Department of English
Jillian Weise is the author of The Amputee's Guide to Sex, the novel The Colony, and The Book of Goodbyes, which won the 2013 James Laughlin Award from the Academy of American Poets. Her essays on being a cyborg have appeared in The New York Times, Narrative Inquiry in Bioethics and Drunken Boat. She earned an M.F.A. in Poetry from the University of North Carolina at Greensboro and a Ph.D. in English from the University of Cincinnati. She has been awarded fellowships/residencies from the Fine Arts Work Center in Provincetown, the Fulbright Program in collaboration with Universidad de Buenos Aires, and the Lannan Foundation. Jillian is an Associate Professor of English.
The New York Times published Jillian’s essay, "Going Cyborg" in which she identifies as a cyborg. The name "cyborg" functions as description, rebellion and provocation. Cyborg accurately describes her computerized knee while pushing back against common signifiers for disability. Most cyborgs belong to science fiction, feminist theory or bio-politics. While theorists like Donna Haraway use the cyborg metaphor to argue for a politics beyond naturalism and essentialism, the use of cyborg-as-metaphor restricts cyborg identity. The theoretical imperative of scholars like Haraway, Fukuyama and Kaku is meant to be inclusive. Yet in culture and literature, the cyborg remains excluded from the realm of the human. By claiming the identity, she is trying to make room for common cyborgs.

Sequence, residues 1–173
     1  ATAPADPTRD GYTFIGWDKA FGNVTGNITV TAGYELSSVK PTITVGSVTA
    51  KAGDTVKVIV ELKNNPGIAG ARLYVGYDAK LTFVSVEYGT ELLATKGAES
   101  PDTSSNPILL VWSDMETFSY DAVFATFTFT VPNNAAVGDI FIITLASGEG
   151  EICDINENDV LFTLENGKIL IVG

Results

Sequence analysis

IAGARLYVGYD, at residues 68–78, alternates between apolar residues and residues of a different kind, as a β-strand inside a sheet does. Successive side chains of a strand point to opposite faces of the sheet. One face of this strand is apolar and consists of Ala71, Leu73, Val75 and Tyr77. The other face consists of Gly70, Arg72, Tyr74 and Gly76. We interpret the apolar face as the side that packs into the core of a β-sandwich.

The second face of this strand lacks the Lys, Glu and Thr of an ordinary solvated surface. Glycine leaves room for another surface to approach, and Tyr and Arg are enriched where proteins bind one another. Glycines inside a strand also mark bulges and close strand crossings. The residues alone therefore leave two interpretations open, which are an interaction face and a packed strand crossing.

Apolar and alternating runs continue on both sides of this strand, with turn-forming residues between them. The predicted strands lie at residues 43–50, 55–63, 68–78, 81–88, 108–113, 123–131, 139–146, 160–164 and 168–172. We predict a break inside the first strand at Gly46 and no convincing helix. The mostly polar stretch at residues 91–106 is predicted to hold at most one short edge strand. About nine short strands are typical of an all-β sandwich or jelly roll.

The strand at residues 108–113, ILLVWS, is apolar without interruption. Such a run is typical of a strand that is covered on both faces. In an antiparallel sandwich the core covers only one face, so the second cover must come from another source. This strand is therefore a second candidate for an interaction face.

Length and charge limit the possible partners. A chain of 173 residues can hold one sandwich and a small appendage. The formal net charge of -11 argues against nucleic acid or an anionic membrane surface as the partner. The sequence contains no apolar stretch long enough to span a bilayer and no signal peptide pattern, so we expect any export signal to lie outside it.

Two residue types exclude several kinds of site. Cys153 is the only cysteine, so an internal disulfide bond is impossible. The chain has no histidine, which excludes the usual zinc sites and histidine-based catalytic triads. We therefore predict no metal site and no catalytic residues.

Affect, Bioethics, Biohacking, Biopolitics, Creative Writing, Cyborg, Disability Studies, Feminist Theory, Hybridity, Medical Ethics, Narrative Theory, Poetry, Prosthetics